Turns out you can't block founder and CEO Mark Zuckerberg on Facebook. Supposedly, this was possible earlier, just like you can block any other Facebook user. But now, due to a bug, inside joke or whatever the reason, trying to do so will result in an error.
You can try it out for yourself, just go to Zuckerberg's Facebook profile page scroll down to "Report/Block this Person" and click on the link. In the overlay window that pops up choose "Block this person" and then click Submit.
You should be greeted with the "General Block failed error: Block failed" message. So what does all this mean? Well, most likely, absolutely nothing.
The vast, vast majority of Facebook's 500 million or so users have no reason whatsoever to block Zuckerberg just like they have no reason to block many of the other Facebook users.
And it doesn't really prove anything, it's not the first time Facebook engineers had a bit of lighthearted fun with the system, 'bending' the rules in their favor.
This doesn't mean that they would do so in more serious matters. It doesn't mean that they wouldn't either. The only reason why people might get upset over this is because the site is maybe too big for this kind of 'pranks.'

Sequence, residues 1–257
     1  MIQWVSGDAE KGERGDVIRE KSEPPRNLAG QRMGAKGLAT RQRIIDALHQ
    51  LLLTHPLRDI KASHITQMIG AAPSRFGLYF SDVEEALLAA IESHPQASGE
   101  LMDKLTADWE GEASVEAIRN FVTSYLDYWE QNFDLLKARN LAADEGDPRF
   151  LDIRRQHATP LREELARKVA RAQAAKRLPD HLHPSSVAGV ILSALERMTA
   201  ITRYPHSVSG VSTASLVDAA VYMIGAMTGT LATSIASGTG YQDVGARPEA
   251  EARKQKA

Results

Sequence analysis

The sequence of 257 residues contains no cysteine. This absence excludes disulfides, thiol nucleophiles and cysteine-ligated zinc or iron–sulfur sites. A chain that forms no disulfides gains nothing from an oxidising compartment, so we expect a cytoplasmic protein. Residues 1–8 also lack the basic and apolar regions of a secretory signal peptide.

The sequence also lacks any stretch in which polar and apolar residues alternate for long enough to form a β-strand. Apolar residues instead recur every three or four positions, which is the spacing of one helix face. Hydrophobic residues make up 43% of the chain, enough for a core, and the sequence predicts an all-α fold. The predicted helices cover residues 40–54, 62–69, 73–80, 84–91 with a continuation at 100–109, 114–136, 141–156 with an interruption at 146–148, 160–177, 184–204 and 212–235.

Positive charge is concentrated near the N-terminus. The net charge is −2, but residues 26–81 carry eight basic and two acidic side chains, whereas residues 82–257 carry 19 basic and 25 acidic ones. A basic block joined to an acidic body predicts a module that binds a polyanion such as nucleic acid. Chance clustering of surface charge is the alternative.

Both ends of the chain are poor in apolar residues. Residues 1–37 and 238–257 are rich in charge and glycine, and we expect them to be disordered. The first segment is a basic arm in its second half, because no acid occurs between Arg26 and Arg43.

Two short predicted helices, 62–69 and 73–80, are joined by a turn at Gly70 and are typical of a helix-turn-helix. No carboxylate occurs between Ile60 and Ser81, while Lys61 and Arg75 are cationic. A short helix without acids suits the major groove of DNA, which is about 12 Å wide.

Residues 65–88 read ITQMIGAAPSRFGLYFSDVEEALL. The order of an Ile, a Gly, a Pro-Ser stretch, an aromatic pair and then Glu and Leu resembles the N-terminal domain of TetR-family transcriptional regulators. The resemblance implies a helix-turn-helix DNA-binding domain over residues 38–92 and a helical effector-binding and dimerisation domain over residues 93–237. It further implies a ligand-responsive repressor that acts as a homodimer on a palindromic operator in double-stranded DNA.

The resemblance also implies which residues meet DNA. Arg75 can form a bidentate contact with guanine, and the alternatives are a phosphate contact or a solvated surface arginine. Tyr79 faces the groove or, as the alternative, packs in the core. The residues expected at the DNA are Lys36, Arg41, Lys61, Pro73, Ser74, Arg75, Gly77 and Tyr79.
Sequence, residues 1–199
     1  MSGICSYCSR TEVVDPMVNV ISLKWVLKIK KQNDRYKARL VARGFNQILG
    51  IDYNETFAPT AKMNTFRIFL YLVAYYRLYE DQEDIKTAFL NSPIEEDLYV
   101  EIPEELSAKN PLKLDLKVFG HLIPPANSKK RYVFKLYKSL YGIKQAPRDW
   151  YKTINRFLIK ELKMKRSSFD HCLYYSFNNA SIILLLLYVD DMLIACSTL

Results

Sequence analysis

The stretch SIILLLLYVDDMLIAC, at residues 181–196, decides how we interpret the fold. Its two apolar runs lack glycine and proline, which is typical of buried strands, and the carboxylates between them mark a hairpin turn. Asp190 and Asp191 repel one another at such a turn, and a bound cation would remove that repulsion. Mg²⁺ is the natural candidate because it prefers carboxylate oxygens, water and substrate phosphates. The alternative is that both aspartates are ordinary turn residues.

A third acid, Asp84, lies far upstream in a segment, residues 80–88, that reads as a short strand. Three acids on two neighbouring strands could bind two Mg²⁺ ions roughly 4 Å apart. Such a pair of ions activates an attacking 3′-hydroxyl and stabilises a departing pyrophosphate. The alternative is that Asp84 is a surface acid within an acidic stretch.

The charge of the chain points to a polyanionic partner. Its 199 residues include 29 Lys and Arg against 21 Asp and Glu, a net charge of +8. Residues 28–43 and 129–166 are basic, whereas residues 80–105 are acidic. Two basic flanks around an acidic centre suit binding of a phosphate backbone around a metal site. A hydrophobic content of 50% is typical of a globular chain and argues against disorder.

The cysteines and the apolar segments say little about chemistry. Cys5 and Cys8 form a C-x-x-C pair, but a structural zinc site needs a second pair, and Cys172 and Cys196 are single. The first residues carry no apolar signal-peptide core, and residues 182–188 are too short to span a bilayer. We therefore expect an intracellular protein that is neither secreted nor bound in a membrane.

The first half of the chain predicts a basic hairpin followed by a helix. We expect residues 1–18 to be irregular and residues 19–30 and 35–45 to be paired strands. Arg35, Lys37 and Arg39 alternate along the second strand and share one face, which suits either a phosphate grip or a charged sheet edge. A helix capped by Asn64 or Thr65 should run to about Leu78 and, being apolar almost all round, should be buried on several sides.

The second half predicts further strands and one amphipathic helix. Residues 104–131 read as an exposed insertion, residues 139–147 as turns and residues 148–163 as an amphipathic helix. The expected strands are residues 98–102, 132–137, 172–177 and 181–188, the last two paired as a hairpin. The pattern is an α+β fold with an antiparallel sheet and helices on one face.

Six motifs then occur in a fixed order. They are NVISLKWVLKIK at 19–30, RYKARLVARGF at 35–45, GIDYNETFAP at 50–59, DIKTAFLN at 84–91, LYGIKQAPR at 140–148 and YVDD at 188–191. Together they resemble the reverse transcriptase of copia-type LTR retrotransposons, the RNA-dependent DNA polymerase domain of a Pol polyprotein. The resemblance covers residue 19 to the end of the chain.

Of course, if you really did have a reason to block Zuckerberg, you'd be out of luck.
The website Block Zuck, greatly described by its name, used to have step-by-step instructions on how to block Zuckerberg on his site. However, sometime after the site was launched, the feature stopped working.
It's unlikely that the move had anything to do with the site, but maybe there really were too many people blocking the CEO. Whatever the reason, all the attention will likely spur Facebook to say something, or just fix the block issue.
UPDATE: Facebook has gotten back to us and clarified the situation.
"This error isn't specific to any one account. It's generated when a person has been blocked a certain large number of times. In very rare instances, a viral campaign will develop instructing lots of people to all wrongly block the same person," a Facebook spokesperson said.
"The purpose of this system is to protect the experience for people targeted by these campaigns. We're constantly working to improve our systems and are taking a closer look at this one," Facebook added.
So, there you go, mystery solved.